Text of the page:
Do you intend to atone for your mistakes? When we get into difficulty—usually difficulties of our own making—and need to get out of it, we talk of “redeeming ourselves.” For instance, when we say something cruel to a friend, we may regret our words and desire to make amends.
“God has given us this grace in the one he dearly loves. In him, we have redemption through his blood, the forgiveness of offenses, according to the riches of his grace.” – Ephesians 1:6b–7
Redemption refers to freedom from an adverse circumstance or danger that threatens us. It is about being delivered to a location of freedom or safety after being rescued from a predicament. Personal connections and other circumstances are both subject to redemption in this brief verse from Ephesians. The redemption he refers to is crucial because it affects our relationship with God. We can see from a closer examination of these Ephesians texts that we cannot atone for ourselves before God. Instead, God must and has already accomplished our redemption. Beautiful, isn’t it?
Redemption is a Gift from God
The atonement is a gift from God. We don’t carry it out for our benefit. Our redemption is “due to the riches of his mercy” and that God has “given us this grace.” The word “grace” refers to a gift that God gives to us. From his abundant resources, God has bestowed the gift of salvation upon us. We have redemption since he employs the present tense to explain it. Redemption is neither something we must accomplish in this life nor something we must look forward to in the future. We currently possess it, and we do so because God has granted it to us. But what exactly is this gift of atonement? Why has he saved us? And from what have we been saved?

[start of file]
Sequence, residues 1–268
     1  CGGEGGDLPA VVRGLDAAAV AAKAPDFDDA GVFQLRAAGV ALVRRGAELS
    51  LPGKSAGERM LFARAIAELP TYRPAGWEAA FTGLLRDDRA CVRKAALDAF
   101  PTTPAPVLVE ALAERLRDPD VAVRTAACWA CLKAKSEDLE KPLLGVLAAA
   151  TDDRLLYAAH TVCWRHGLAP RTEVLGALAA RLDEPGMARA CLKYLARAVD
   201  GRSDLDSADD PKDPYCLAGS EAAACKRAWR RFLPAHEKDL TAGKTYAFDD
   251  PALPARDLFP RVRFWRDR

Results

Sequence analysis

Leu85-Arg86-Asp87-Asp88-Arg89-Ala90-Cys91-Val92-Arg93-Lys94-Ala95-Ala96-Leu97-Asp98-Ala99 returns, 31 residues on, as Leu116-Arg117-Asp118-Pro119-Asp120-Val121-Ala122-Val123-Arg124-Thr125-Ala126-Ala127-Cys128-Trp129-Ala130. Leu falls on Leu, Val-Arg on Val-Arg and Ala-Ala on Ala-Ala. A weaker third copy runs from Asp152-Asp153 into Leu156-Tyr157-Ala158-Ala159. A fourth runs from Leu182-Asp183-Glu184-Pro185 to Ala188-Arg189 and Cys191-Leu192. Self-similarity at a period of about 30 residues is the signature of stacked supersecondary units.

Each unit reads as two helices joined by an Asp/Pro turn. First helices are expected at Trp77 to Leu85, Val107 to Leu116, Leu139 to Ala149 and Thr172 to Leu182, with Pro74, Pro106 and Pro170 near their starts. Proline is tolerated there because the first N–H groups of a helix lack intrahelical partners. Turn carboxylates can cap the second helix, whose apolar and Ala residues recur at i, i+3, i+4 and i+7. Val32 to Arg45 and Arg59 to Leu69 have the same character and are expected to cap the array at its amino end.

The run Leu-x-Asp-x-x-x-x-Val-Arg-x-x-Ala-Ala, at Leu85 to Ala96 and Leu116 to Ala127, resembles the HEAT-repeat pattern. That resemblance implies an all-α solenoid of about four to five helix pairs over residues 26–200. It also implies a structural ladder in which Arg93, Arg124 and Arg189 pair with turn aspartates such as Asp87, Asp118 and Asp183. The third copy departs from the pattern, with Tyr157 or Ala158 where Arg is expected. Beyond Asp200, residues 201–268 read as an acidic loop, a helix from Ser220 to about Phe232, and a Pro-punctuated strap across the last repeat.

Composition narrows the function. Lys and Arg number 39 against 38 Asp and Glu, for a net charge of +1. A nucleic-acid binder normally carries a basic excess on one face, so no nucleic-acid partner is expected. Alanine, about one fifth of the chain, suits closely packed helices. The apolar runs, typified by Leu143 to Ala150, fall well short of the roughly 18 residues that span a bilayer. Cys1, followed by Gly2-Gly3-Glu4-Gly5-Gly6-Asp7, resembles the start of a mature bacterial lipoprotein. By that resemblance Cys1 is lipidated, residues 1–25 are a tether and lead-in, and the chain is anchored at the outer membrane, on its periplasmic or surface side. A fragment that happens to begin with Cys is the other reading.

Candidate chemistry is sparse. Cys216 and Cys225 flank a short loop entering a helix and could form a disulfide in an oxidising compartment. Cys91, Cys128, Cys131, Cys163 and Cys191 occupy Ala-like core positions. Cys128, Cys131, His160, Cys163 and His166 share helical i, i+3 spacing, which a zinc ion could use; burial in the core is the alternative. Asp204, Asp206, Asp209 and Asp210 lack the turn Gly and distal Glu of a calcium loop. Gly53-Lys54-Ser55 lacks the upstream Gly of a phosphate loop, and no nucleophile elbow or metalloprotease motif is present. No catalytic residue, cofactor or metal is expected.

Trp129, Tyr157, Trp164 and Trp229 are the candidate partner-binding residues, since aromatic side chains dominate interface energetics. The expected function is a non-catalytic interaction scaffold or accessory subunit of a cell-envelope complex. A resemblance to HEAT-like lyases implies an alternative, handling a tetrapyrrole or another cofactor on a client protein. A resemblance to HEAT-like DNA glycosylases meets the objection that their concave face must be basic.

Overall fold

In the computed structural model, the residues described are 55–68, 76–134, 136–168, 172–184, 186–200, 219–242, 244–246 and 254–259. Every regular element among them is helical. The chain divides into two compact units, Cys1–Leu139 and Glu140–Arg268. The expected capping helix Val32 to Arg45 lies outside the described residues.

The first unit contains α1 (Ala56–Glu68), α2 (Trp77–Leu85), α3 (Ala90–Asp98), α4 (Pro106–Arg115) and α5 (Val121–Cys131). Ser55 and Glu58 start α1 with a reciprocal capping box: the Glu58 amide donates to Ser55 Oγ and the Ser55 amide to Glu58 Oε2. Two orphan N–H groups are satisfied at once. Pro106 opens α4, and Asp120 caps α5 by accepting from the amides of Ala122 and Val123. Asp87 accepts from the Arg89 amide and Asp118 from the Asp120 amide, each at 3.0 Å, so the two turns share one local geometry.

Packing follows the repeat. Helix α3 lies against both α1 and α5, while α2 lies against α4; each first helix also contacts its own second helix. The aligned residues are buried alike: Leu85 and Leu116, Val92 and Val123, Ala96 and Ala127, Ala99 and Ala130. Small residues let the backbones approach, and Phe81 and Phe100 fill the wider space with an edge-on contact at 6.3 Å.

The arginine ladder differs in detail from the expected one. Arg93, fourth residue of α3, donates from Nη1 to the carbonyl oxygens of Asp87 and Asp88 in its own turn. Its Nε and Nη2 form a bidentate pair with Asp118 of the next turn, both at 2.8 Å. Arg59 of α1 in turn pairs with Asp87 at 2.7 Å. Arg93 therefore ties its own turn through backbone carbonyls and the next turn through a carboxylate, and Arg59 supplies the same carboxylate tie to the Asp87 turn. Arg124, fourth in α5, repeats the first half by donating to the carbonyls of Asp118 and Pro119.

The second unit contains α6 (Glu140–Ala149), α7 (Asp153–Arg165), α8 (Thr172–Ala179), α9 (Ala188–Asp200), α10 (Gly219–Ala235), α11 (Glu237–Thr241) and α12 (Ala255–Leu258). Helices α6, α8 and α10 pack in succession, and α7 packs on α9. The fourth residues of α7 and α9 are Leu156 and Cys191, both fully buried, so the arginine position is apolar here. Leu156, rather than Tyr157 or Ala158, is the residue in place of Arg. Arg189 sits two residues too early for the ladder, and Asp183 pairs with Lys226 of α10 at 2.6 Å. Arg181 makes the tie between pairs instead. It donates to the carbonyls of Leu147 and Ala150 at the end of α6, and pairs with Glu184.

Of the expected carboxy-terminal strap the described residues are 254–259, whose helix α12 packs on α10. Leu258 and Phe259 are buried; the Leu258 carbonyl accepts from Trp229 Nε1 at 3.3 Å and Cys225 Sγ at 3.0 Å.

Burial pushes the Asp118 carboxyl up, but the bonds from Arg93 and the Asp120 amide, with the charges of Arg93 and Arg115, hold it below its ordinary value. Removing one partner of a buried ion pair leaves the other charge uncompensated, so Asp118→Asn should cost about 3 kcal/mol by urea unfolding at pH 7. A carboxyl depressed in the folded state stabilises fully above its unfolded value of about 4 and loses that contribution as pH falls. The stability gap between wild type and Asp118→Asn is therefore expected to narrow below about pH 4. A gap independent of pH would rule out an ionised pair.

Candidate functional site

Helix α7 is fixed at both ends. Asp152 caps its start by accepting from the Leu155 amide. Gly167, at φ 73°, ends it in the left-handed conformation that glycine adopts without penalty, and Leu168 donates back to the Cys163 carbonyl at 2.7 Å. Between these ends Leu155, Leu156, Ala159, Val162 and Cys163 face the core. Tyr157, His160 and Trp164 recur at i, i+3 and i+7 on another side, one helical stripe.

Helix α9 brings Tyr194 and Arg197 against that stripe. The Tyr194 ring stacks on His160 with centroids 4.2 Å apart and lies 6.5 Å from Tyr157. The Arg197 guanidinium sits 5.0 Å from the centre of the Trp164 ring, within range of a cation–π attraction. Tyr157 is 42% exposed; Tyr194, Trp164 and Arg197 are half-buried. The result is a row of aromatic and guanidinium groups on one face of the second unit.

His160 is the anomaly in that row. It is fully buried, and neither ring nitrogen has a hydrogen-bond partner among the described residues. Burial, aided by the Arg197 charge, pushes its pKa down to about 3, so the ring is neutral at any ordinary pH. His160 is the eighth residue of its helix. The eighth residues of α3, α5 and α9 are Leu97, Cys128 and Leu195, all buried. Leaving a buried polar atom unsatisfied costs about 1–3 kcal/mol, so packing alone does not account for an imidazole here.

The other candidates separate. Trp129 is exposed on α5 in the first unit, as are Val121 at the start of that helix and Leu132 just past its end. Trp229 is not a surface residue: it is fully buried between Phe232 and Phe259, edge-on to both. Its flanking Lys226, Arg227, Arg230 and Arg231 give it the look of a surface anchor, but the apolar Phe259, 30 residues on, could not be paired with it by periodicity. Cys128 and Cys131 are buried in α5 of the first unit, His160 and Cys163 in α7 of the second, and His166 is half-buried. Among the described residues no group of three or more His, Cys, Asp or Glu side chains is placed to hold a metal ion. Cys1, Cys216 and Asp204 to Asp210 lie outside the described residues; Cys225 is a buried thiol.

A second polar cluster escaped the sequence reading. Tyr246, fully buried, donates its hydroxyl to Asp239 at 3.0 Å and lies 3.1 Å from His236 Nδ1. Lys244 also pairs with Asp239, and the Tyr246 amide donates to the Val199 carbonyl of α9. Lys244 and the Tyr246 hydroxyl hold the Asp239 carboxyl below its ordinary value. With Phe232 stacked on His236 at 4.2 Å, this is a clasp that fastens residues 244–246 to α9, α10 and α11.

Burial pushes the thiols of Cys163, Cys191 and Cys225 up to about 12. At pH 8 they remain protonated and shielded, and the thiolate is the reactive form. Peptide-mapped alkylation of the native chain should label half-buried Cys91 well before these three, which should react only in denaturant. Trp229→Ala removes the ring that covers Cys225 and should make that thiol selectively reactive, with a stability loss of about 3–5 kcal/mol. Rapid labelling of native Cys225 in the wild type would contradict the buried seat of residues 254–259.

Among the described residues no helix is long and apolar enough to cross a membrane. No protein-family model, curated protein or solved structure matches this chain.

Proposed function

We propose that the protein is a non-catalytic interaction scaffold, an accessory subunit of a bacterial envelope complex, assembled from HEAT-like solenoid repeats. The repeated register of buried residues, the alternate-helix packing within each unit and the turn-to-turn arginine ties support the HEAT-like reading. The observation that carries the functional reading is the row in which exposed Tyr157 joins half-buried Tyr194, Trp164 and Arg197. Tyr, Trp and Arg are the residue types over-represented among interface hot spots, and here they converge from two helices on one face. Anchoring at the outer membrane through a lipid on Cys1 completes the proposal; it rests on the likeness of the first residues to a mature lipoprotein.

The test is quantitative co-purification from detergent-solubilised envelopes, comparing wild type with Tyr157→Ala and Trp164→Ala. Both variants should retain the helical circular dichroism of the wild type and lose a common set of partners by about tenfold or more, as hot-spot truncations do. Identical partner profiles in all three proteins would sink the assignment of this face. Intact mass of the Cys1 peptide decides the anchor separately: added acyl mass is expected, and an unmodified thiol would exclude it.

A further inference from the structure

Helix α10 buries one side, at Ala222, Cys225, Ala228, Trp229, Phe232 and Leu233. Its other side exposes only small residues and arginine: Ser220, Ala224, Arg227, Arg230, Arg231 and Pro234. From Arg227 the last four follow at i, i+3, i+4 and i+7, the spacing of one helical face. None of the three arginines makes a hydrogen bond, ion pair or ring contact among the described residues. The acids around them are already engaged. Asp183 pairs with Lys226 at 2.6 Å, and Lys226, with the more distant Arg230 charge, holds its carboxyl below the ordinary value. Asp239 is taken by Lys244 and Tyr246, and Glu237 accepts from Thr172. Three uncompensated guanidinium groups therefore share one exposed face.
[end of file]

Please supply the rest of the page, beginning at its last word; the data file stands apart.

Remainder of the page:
The One He Dearly Loves
God has saved us “in the one he dearly loves.” This expression refers to the prophetic book of Isaiah in the Old Testament, which mentions a character known as the “Suffering Servant.” God loves and chooses this Suffering Servant, and they endure suffering. He feels a strong bond with the Israelites, endures hardship, and ultimately perishes because of Israel’s misdeeds.
Here is a well-known verse from Isaiah:
But he was pierced for our transgressions;
he was crushed for our iniquities;
upon him was the chastisement that brought us peace,
and with his wounds, we are healed.
All we like sheep have gone astray;
we have turned—every one—to his way;
and the LORD has laid on him
the iniquity of us all.
– Isaiah 53:5–6 ESV
Isaiah claims that the Suffering Servant will die to redeem Israel’s people. It reflects the time when Israel was exiled and held as a slave nation by an ancient empire known as Babylon. God had vowed to deliver his people, the Israelites, from that slavery. However, Isaiah claimed their political return from exile was not the fullest form of salvation. It was planned to be a representation of a far greater atonement.
Israel had defied God, which was why they were exiled in the first place. They had “sinned,” “transgressed,” and “committed iniquity” against God. In other words, they had consistently and purposefully disobeyed God’s good intentions for them. Therefore, as a punishment for their transgression, God exiled them. The Suffering Servant was harmed as a result and endured suffering in place of the people who atone for their sins. He was pierced, crushed, and wounded in order to atone for sinners and bring about redemption. It was the redemption not just from captivity but also from sin and God’s wrath.